Last season, I posted an article about my belief that the Dallas Cowboys were no longer America’s Team, and after it was posted, there were many a detractor coming from everywhere. My belief was this: as long as we weren’t winning playoff games and Super Bowls, there was no rationale in continuing to call ourselves America’s Team. However, the events of yesterday proved once again, even if it was not the intent, exactly why the Dallas Cowboys are America’s Team, and always will be.
Let’s be for real here: how many teams would be able to gather thousands of people to come out and make $25 donations to park and witness the implosion in person? For folks who weren’t trying do that (and I don’t blame them), they went to another spot of the parking lot, where they set up tents, threw footballs around, shared stories, and pretty much shot the breeze, and were able to do that for free. Even though the stadium wasn’t set to come down until 7 A.M., there were folks there as early as 2 A.M. No other team in the NFL has that much juice, not one.
For the folks who caught it on UStream, it was even more amazing to see and read their stories. There were folks tuned in from all over the country, as well as folks tuned in from Australia, Denmark, and the rest of the world. Here I am, a Dallas native, and fully aware of the lore of the Dallas Cowboys, and that same sentiment is shared by folks as far as Australia and Denmark. It’s truly a sight to see.
The best times for me were definitely the Texas High School Football playoffs. For the past two years, The Shock the World Tour (the brainchild of B-Lew and mine) rolled into the old yard on countless Fridays and Saturdays in November, and took in many a high school football playoff game. There was the first time we shocked the world at Texas Stadium, where it was hot as sin in the old place, sometime in late August-early September. Soon, E-Mill came along, and it carried over to literally watching playoff games all day long in November, where we, along with tens of thousands of other fans, would bring blankets, hoodies, and anything else to keep warm, because there wasn’t any heat in the damn place.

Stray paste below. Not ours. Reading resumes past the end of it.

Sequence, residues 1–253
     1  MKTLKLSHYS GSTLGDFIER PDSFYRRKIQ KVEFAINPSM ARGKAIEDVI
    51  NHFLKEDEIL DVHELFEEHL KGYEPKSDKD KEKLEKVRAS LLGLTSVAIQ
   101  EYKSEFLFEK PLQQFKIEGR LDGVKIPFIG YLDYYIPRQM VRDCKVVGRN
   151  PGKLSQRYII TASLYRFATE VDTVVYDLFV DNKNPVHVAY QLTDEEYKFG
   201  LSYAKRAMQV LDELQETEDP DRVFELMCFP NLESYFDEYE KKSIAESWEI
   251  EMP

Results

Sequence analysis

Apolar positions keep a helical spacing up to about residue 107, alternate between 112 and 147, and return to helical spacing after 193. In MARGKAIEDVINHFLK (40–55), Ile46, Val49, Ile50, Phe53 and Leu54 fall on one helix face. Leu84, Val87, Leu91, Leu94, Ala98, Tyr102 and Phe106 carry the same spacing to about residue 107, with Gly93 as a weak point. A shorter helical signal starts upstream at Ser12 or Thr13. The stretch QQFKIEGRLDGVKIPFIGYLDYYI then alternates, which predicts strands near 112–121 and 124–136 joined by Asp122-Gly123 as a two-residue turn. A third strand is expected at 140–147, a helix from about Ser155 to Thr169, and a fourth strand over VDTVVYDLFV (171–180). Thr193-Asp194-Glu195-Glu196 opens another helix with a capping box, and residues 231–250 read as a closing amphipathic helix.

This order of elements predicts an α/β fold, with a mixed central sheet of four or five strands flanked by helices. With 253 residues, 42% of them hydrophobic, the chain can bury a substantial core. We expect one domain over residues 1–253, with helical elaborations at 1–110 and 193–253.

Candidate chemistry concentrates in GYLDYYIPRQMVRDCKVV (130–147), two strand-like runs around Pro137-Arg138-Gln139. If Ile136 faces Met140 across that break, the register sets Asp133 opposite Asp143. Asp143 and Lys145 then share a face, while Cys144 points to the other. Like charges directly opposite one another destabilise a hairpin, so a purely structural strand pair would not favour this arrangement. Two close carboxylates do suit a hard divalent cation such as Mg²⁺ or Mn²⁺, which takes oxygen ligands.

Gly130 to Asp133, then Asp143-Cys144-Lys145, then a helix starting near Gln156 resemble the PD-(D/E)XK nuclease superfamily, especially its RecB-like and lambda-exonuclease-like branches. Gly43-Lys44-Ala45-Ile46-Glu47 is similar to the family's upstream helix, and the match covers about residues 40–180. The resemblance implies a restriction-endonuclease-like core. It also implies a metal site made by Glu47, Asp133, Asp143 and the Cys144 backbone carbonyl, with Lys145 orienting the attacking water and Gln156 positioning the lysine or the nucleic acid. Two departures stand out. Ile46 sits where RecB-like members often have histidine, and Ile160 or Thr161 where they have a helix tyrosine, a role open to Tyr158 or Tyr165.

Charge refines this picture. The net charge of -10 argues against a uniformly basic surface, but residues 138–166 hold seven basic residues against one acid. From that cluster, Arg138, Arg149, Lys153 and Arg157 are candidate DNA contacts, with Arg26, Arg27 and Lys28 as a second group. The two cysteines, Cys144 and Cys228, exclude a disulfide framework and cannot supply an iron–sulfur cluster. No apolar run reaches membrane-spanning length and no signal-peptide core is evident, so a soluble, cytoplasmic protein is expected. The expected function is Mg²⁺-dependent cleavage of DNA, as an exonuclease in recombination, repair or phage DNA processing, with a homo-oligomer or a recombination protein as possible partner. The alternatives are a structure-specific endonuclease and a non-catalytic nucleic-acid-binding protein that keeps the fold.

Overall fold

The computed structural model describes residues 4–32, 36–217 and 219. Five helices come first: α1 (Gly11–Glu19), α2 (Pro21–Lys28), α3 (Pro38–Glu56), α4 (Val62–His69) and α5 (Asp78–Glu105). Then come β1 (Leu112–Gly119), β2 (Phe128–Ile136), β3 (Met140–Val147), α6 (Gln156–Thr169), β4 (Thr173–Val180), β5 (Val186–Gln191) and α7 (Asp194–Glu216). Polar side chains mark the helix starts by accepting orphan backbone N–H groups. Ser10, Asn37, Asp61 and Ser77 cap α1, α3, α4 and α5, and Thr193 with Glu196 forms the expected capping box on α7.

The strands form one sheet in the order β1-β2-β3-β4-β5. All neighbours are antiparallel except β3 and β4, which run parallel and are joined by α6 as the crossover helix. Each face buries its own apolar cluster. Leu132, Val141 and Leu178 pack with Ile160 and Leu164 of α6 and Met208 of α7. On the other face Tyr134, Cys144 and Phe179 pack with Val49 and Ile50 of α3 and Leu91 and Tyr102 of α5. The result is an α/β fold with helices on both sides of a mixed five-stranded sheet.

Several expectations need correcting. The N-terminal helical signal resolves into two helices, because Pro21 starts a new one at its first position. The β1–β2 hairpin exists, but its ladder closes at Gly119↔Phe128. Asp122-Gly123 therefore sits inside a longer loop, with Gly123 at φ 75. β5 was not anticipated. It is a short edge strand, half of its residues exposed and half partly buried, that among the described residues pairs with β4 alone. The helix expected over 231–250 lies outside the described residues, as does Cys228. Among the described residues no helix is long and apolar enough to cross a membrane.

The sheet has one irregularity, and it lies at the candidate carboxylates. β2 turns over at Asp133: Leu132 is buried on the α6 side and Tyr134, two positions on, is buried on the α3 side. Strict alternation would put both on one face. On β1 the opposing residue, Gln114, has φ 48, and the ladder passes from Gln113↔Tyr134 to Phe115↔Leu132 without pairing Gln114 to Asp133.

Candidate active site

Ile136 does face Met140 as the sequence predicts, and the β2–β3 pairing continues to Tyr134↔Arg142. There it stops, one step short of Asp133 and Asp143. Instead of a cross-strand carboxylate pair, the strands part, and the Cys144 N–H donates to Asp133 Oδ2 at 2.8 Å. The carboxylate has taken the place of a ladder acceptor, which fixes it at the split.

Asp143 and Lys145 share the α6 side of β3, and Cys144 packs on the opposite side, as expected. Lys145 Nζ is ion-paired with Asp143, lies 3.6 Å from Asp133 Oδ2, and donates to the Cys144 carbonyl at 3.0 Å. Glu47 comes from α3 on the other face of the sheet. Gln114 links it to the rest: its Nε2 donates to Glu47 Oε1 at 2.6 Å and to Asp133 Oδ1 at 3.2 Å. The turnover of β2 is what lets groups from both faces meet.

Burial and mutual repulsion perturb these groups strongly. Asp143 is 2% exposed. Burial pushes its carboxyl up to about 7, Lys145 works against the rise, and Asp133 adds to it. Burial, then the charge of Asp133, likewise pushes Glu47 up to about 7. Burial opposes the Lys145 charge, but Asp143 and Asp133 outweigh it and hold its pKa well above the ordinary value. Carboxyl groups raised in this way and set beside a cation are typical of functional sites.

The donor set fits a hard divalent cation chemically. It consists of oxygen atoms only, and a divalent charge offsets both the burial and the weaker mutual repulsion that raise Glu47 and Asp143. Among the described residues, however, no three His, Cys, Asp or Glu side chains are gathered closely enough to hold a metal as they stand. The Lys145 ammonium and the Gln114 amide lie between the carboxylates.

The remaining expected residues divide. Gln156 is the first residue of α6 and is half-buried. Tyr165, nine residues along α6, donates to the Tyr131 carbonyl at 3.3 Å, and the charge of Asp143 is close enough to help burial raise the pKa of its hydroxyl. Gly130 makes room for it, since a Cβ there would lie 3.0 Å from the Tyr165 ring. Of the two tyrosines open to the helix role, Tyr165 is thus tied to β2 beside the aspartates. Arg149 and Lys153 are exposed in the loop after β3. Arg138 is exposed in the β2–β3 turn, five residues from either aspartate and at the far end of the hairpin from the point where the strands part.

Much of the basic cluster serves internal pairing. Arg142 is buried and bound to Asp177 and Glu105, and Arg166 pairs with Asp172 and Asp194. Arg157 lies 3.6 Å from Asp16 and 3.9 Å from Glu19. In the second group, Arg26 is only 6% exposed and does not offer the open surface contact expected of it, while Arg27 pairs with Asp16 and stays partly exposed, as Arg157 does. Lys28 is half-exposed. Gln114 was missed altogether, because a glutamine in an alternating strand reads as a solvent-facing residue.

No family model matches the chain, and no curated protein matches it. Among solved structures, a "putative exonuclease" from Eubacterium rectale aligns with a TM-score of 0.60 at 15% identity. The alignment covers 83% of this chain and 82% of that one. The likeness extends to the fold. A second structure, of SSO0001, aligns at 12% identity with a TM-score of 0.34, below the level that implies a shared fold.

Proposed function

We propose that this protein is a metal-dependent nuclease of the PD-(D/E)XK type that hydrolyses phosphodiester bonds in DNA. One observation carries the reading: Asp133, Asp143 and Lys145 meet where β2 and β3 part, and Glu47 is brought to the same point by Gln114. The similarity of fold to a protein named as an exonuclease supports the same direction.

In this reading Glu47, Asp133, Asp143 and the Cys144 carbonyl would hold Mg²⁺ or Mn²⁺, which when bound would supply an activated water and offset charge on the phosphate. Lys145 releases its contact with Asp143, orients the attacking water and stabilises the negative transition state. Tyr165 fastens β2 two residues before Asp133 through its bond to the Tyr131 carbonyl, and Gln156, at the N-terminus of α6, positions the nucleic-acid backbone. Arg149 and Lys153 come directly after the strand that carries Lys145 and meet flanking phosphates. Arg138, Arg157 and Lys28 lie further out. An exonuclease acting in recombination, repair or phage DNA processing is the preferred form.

We would get there around 9 AM, and wouldn’t leave until after 11 P.M., and it was all in the name of Texas high school playoff football. Sure, we went to other stadiums around the area, but Texas Stadium was the centerpiece of it all. We would complain about the $8 cheesesteaks, the old seats, and other undesirables, but every Friday, Saturday, and if you were going to see the Cowboys, on Sunday or Monday, we would pile up by the thousands, ride down Loop 12, park our cars, and walk on up to the stadium. On top of that, we’d still get those expensive-ass cheesesteaks, because it was all a part of being there to watch some football. Texas Stadium means so much to so many people, and thanks to The Man, the place we call home for football in Texas is all gone. This is worse than when Scatter was killed by The Man on Superfly, and for anyone who saw that, their feeling may be the same.
As I told someone last week who asked me about the new yard in Arlington, it’s simple: Cowboys Stadium is cool, and we definitely love the place, but Texas Stadium was home, and as far as plenty of Dallas Cowboys fans are concerned, yesterday’s events confirmed that it always will be.